The process of analysis and reasoning about a running system or designing for deployment concerns is very different from the process of synthesis and composition involved in writing application software. Badrinath Janakiraman explores patterns and lessons learned while deploying and maintaining distributed platform Snap CI.
Every retailer is grappling with the challenge of creating a seamless omnichannel presence. While most understand that omnichannel is a necessity, it’s extremely difficult to build the proper architecture to gather, exchange, and draw insights from raw data. Kyu Cho and Sajid Mohamedy share the five elements that retailers must put in place to ensure a seamless ecommerce presence.
Threat modeling is one of the best techniques for achieving secure architectures. However, introducing it on existing complex projects requires time that architects and developers may not have. Irene Michlin introduces a technique for performing threat modeling in ongoing projects without a prohibitive initial time investment.
What if we considered Mike Cohn's Testing Pyramid a strong statement about application architecture, not a test ratio edict? Could we explicitly design with testability in mind? Should we? What are the real benefits of popular approaches from the past decade, such as TDD, IoC, AOP, and MVx? Gary Pedretti explains how to bring all of these approaches together in a stable, rock-solid whole.
Yurii Rashkovskii shares a set of practical of approaches to designing event-sourcing-based systems, including a method of building the state of the world that uses a "lazy first" approach. This approach suggests that we don't know what the state of the world should include up front and therefore should defer this decision until the very end.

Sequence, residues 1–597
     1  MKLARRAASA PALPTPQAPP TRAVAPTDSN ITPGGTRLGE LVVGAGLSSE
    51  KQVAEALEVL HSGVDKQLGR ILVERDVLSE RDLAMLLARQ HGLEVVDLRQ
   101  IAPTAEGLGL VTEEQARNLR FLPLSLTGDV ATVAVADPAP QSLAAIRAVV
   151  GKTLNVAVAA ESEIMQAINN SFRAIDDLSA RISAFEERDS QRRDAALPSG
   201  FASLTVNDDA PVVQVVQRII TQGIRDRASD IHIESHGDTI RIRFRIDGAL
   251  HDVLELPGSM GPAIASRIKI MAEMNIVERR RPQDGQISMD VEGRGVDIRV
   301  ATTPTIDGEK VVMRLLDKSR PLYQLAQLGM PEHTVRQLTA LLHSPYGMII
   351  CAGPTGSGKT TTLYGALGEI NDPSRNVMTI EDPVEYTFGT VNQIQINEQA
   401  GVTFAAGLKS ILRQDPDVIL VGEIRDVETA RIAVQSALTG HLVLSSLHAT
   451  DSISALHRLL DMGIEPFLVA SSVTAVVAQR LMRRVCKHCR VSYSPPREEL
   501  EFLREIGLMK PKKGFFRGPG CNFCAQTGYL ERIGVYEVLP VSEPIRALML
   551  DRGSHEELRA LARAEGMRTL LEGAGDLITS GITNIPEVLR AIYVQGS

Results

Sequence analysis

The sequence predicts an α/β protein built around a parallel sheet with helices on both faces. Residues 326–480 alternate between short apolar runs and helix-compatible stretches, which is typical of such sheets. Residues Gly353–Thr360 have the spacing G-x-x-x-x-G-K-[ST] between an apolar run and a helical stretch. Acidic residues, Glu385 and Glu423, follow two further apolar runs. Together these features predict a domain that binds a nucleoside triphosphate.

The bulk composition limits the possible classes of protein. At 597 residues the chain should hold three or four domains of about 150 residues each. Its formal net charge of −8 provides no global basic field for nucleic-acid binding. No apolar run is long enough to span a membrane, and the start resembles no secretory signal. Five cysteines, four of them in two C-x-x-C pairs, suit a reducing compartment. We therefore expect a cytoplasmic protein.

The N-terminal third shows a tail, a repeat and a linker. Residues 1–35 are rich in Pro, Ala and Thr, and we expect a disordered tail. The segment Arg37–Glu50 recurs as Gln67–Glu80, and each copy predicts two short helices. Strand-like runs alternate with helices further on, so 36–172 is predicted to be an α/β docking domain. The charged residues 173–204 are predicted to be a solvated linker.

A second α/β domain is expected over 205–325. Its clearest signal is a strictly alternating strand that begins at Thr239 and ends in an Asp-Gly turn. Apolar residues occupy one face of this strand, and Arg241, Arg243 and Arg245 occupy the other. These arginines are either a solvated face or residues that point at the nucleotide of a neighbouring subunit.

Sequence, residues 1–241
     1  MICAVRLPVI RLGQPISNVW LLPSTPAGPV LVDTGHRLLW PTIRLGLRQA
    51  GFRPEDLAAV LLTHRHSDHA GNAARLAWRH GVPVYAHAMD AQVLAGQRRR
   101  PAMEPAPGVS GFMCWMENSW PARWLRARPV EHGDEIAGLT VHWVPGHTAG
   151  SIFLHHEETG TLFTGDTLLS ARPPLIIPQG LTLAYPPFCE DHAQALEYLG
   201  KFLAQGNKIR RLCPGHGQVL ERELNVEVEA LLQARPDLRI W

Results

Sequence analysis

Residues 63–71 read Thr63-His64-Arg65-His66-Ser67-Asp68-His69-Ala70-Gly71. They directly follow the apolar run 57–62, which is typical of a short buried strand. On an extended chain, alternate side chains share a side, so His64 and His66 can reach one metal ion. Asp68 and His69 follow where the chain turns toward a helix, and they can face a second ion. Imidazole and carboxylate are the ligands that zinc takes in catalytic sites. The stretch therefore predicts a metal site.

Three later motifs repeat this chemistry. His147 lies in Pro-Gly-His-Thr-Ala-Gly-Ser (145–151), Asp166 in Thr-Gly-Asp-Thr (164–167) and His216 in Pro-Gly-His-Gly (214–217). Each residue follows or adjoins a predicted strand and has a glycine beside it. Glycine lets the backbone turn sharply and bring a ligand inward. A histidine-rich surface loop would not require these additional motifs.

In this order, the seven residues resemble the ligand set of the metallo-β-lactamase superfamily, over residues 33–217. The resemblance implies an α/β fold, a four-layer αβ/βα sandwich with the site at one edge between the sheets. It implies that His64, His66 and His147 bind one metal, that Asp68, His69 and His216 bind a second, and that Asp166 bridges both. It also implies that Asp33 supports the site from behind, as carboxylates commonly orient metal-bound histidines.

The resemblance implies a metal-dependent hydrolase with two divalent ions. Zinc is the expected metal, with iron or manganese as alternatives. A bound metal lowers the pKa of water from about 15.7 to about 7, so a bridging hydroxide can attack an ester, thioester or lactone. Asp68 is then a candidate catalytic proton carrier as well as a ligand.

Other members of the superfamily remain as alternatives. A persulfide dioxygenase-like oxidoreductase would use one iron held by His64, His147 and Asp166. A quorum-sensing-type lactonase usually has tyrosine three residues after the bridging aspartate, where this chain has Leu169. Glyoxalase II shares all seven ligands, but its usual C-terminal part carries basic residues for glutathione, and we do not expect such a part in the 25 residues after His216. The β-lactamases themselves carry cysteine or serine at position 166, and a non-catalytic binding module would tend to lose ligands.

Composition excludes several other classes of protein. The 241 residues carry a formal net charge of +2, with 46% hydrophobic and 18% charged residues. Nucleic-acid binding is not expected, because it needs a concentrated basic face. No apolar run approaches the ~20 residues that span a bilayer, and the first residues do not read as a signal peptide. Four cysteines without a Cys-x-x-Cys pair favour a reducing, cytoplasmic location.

Microservice architecture brings freedom for developers, but building a sustainable microservice ecosystem requires holding microservices to high architectural and operational standards. Susan Fowler introduces a set of standards that apply to all microservices—standards that ensure microservice availability while preserving developer freedom.
Anthony Moralez offers a retrospective of a microservices application that his team built over the past year. You'll explore all of the key decision points and learn why the team chose the routes they did and why they might not choose them again if given a second chance.
Randy Layman looks at several members of the supporting cast that help to bring microservices to production readiness. Along the way, Randy talks about several patterns, including a pattern to clean data from inputs to help with PII and compliance concerns, patterns for request routing, and patterns around security.
Whether an organization is an established leader, or breaking new ground, the mantra is always that we need to move faster. And of course, we need to scale. Architectural and development practices abound that should get us there: agile engineering, microservices, DevOps and so on. But it is not just the our software that needs to scale, but also our approach to delivering it.
The container orchestration wars are upon us. A dozen container orchestrators vie to be the kernel of the modern data center. But can the warring parties come together on a standard interface for modern cluster operations? Karl Isenberg explores what these parties have in common and outlines what a common interface might look like for operating these distributed operating systems.
Research shows that 46% of deployed containers run for one hour and 27% run for about five minutes. In such a fast-paced, disposable computing environment, cloud operators struggle to keep their workloads and container environments under control. Giuseppe de Candia explains how to take the chaos out of these short-lived computing engines and the security implications to consider along the way.
Will Reactive programming be the default choice for modern apps? When would you want to use event emitters as opposed to event streams with operators? Luca Mezzalira answers these questions and more as he provides a detailed tour of frontend architectures, including where they've been and where we're headed.